In my first “30 Days of Truth” post, I mulled over the fact that it’s so, so easy to find things that you hate about yourself. One of my perceptive commenters (from The Polka Dot Palace) noted that it would probably be much harder to find something that you love about yourself. Yes, my friend, you’ve hit the nail on the head.
But here’s the thing: there are actually a lot of things that I love about myself, when I think about it. So why does it seem harder? We live in a culture where it’s often considered a bad thing to speak well of yourself. You don’t want to seem too proud (I mean, come on, pride is one of the seven deadly sins!). Humility is a virtue, so we learn to always downplay our successes. And while this is true for everyone, I think it’s even more true for women. Little girls learn, whether from their parents, teachers, peers, the media, or culture generally, that it’s important to be demure, quiet, and self-effacing.
The problem is that when you spend your life telling everyone else that you’re not really that great, you start to believe it yourself. “Oh, that 5 on my AP test? I must have gotten lucky.” “No seriously, you’re not fat, but look at me!” “Yeah, I graduated with honors, but I’ve just always been good in school. It’s not a big deal.” We say these things to make ourselves seem humble, to make others feel better about themselves. But then we start to believe that our luck might run out, that we’re not pretty enough, that we won’t succeed in the real world.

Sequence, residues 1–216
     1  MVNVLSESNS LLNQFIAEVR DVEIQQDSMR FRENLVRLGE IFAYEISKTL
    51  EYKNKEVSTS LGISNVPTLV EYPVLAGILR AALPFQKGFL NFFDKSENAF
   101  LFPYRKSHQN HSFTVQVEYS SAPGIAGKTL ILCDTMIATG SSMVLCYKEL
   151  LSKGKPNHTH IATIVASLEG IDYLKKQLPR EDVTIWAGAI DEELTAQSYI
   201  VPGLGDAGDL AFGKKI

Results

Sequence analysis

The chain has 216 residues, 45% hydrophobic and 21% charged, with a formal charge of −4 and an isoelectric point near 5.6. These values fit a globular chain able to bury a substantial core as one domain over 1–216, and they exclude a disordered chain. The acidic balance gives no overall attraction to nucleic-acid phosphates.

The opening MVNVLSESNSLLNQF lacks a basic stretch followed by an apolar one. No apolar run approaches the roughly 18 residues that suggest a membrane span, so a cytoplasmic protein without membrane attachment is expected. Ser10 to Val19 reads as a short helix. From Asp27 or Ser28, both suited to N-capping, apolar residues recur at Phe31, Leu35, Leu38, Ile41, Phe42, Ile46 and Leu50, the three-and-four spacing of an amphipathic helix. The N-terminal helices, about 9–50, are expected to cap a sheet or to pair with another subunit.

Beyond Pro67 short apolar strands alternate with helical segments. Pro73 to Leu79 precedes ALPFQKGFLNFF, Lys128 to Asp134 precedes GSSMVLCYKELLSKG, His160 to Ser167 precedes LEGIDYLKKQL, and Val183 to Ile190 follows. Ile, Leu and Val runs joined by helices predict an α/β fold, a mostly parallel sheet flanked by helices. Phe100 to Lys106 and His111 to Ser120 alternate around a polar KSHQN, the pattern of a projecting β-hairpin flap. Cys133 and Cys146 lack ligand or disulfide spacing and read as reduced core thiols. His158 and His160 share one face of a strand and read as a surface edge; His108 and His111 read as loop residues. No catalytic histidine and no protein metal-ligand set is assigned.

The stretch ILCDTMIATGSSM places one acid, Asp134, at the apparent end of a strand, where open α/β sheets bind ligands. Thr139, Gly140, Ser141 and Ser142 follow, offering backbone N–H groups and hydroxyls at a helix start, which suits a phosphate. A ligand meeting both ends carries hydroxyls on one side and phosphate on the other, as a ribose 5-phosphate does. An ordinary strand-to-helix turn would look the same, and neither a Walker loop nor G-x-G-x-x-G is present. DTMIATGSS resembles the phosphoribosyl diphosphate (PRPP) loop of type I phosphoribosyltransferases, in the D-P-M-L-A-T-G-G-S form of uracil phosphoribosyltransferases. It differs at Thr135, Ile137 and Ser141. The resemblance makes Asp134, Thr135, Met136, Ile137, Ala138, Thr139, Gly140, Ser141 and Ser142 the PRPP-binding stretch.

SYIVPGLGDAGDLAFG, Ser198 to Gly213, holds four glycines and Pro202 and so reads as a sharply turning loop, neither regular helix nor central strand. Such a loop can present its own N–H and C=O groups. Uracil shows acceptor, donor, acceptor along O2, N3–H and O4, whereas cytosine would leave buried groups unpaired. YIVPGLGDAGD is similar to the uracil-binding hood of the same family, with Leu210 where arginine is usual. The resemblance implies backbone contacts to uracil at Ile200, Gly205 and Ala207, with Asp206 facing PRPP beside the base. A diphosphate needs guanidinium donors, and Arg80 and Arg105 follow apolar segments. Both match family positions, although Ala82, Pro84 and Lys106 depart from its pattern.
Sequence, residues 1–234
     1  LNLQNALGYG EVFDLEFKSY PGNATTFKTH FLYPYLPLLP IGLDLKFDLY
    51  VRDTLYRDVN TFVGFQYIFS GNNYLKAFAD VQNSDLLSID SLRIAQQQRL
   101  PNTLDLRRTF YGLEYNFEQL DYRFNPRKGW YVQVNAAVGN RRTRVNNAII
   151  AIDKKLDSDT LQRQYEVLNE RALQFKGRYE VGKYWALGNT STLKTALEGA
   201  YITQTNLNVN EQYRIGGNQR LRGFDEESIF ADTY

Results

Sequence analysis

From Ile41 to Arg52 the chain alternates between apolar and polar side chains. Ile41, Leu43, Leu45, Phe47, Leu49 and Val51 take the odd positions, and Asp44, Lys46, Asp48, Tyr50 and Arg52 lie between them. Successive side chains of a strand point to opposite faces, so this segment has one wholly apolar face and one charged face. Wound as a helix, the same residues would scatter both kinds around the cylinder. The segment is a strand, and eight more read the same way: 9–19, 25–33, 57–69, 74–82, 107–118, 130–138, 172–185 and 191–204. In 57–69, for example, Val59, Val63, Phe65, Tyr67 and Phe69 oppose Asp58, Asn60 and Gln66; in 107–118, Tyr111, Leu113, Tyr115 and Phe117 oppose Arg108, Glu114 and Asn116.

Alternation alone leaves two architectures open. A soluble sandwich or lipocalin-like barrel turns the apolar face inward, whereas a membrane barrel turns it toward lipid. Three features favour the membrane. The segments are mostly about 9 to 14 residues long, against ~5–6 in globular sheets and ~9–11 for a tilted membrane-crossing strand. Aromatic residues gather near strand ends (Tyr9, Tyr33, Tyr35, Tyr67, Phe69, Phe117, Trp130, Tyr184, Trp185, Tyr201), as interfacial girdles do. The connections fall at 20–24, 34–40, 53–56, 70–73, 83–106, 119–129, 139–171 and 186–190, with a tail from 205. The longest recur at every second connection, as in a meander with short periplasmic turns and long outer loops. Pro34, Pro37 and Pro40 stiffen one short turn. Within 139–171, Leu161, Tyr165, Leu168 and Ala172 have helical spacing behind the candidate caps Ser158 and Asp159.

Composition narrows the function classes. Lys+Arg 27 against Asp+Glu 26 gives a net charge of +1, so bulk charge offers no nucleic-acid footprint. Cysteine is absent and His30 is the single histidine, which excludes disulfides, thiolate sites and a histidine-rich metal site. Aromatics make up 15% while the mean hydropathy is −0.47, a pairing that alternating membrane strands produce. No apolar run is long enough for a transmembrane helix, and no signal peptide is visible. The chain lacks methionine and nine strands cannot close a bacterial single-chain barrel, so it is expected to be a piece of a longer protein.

And even worse, we train our minds to follow certain thought patterns. When someone asks us what we’re good at, we honestly have trouble thinking of something. We find the “interview answers”: I’m very organized, I work well with others, I always meet deadlines. But we struggle to dig deeper, to find what really drives us and what we really excel at.
Pride is not evil. It doesn’t make you a bad person if you celebrate your successes and tell the world why you’re great. There’s no reason that a “good girl” needs to diminish herself or be self-deprecating. Knowing what you’re good at and what you love about yourself will give you the ability to find joy and love in life. We need to teach our children to be proud. And there’s no better way than to model for them. So celebrate yourself. Start by leaving a comment telling me what you love about yourself. No one here will judge you for being too proud!
Oh, and what about me? I love that I’m not afraid to say what I’m thinking and to stick to my beliefs even in the face of opposition. So there!